But if we are going to impose hefty financial penalties on those who make absurd claims about potential cures and health benefits without any scientific basis, the list is going to be extraordinarily long.

Pete Evans conspiracy theories
Celebrity chef and undisputed paleo king Pete Evans has shared many conspiracy theories online. Photo: Instagram

Let’s start with my now-deceased grandmother. For years she told me that eating cheese before bed would give me nightmares.

But rigorous and exhausting experiments conducted over the past three decades have proven this claim to be demonstrably false.

My findings instead show that red wine – lots of it – consumed alongside rich and creamy desserts increases the likelihood of a restless night by 94.76 per cent.

The estate of my grandmother is therefore fined $20,000.

My neighbourhood church is another frequent peddler of spurious health claims.

Last week it had a sign out the front promising me that if I embraced the Lord he would reward me with inner peace and tranquillity.

Heaven knows I spent the entire weekend calling out his name while my mother-in-law stayed with us. But all I experienced was high blood pressure and a sore jaw from grinding my teeth.

So my local church is therefore fined $50,000.

I’ve also listened closely to the claims of conservative politicians like Barnaby Joyce who insist coal is good for everyone.

Honestly, I’ve really tried to prove him right.

I’ve crumbled it on toast. Shaved it over pasta. Added it to soup.

But the stuff still tastes like crap and now I have chronic
obstructive pulmonary disease.

So fork it over Barnaby. You and all your mates are fined 50 grand each.

So let’s give Pete Evans a break.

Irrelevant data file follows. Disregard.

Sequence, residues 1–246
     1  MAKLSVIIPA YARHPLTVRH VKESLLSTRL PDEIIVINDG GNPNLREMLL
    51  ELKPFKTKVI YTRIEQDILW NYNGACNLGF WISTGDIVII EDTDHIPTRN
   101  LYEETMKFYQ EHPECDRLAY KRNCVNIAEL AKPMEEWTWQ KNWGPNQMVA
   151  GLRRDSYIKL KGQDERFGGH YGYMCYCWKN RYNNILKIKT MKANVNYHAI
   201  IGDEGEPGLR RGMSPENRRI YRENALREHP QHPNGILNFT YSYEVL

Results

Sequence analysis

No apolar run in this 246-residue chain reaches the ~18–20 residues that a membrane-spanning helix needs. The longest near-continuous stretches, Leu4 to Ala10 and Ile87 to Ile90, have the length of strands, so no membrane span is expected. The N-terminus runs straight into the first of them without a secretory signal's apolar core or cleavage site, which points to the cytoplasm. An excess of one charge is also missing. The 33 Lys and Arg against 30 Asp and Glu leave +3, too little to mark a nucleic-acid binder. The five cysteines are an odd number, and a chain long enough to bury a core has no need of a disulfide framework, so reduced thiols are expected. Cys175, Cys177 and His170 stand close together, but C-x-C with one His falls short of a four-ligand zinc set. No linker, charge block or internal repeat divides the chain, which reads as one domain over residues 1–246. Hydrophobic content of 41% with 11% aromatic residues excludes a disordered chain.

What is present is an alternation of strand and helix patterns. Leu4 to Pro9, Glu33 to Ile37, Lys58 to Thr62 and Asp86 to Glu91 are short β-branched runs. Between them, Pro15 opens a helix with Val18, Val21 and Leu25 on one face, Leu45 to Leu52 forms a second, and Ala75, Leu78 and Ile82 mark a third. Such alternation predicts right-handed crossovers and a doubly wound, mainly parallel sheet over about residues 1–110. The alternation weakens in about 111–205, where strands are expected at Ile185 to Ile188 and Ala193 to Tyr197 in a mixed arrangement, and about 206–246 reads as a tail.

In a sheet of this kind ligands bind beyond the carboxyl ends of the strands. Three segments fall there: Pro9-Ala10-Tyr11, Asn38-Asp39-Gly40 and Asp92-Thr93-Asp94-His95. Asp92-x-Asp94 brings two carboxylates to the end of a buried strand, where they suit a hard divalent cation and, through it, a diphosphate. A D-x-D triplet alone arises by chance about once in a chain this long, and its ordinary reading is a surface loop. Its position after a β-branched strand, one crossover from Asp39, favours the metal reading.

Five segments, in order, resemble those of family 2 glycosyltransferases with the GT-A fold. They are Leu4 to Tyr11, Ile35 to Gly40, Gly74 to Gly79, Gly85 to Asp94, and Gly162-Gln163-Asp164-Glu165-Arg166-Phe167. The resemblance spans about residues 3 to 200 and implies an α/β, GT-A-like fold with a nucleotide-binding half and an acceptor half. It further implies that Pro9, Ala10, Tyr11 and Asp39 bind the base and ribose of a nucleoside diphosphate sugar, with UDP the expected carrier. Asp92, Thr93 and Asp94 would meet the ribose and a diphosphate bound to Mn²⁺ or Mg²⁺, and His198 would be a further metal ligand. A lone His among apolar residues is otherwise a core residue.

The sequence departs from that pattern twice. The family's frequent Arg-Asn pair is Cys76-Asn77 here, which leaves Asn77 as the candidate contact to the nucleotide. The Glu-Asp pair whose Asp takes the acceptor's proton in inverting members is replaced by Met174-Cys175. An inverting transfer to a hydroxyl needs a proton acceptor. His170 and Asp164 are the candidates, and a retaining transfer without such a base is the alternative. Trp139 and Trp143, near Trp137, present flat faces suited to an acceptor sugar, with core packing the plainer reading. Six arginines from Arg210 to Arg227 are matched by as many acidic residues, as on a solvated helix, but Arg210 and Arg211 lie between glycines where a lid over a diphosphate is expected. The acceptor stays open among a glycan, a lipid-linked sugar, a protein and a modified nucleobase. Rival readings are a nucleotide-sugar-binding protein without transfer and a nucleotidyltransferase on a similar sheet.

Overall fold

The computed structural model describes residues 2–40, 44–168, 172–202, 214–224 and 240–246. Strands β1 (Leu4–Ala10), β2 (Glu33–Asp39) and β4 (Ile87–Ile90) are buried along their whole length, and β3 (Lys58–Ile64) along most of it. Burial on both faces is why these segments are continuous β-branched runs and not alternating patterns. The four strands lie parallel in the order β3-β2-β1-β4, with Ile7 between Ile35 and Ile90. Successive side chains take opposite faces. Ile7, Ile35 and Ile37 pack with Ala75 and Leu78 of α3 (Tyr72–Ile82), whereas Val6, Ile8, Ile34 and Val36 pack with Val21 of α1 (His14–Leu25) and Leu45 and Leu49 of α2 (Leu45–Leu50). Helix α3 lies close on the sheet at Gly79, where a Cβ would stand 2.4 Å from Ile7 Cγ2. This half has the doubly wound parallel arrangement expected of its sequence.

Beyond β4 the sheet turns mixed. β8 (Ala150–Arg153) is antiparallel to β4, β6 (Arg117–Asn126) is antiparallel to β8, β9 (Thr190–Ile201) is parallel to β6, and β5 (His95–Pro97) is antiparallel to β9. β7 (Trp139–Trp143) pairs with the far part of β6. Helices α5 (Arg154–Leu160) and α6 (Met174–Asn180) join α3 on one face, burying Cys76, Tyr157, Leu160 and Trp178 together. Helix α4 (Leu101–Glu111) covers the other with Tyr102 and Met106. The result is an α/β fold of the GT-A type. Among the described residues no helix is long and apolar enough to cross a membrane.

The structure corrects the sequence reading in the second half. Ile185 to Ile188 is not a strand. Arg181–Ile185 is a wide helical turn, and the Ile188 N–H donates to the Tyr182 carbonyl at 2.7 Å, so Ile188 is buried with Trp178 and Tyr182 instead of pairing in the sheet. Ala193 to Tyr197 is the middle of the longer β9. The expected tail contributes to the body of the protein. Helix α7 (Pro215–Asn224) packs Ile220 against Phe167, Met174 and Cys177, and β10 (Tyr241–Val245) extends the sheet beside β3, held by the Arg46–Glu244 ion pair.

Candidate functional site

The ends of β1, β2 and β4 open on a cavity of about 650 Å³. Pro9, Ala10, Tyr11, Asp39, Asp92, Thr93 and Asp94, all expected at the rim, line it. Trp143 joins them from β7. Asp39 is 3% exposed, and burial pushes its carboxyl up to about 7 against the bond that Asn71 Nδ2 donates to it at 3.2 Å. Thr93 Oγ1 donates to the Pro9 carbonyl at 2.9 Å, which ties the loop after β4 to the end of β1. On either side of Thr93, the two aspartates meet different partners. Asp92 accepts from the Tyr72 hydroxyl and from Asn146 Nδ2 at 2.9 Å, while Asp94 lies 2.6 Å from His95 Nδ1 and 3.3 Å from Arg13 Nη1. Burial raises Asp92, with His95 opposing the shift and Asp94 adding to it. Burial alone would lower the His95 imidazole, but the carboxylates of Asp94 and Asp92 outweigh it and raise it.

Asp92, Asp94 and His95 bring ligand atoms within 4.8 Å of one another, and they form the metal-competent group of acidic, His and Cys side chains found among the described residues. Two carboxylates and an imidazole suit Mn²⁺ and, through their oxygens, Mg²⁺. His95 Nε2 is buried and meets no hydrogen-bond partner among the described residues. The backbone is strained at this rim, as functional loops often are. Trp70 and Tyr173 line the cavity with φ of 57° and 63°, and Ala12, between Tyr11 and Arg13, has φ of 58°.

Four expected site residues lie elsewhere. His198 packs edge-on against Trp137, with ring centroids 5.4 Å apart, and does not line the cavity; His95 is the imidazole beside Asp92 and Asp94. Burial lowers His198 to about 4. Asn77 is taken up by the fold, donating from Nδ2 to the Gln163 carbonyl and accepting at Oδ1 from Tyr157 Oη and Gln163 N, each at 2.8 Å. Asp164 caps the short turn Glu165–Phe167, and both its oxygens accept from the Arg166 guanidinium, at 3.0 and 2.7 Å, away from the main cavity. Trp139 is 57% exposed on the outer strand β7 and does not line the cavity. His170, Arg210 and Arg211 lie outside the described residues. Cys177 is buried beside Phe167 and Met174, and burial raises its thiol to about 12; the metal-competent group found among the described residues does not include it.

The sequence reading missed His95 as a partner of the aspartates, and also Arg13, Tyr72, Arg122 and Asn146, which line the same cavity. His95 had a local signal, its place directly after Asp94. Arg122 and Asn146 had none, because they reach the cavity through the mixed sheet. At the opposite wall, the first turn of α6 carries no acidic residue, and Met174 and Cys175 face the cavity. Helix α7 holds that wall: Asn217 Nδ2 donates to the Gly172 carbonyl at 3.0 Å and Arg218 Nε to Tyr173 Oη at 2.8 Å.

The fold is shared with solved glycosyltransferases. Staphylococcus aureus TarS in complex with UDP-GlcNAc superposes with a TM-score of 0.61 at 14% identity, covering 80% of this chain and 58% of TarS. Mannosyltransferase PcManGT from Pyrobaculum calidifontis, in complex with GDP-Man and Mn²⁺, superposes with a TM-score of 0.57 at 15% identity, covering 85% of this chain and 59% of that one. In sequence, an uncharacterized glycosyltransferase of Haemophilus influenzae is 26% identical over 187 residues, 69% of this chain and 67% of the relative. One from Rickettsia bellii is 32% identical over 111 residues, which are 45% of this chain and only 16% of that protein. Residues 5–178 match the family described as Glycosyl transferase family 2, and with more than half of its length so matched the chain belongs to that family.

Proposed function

Absurd claims deserve absurd responses, not heavy-handed bureaucratic penalties imposed by government bodies like the TGA whose staff should have better things to do with their time.

We need rules and laws to protect the elderly, the disabled and others
who are easy prey for scammers, swindlers and all those other lowlifes
who inhabit our imperfect world.

But the gullible are another issue.

They no longer have any excuse for being stupid.

They live in an age of unprecedented information. With just a simple click or finger swipe they can educate themselves on just about any subject they want.

They can access the research of millions of scientists. They can be
guided by the reviews of thousands of other consumers.

And if they still insist on spending $14,990 on a machine like the
BioCharger, they should be allowed to.

It’s called personal responsibility, an idea that is not particularly
popular in these times when there’s always someone else to blame.

So let’s stop pointing the finger at Pete Evans.

Besides, I’ve just tried out a bunch of his paleo recipes.

Trust me. His claims about the BioCharger are a lot easier to swallow.

Garry Linnell was director of News and Current Affairs for the Nine network in the mid-2000s. He has also been editorial director for Fairfax and is a former editor of The Daily Telegraph and The Bulletin magazine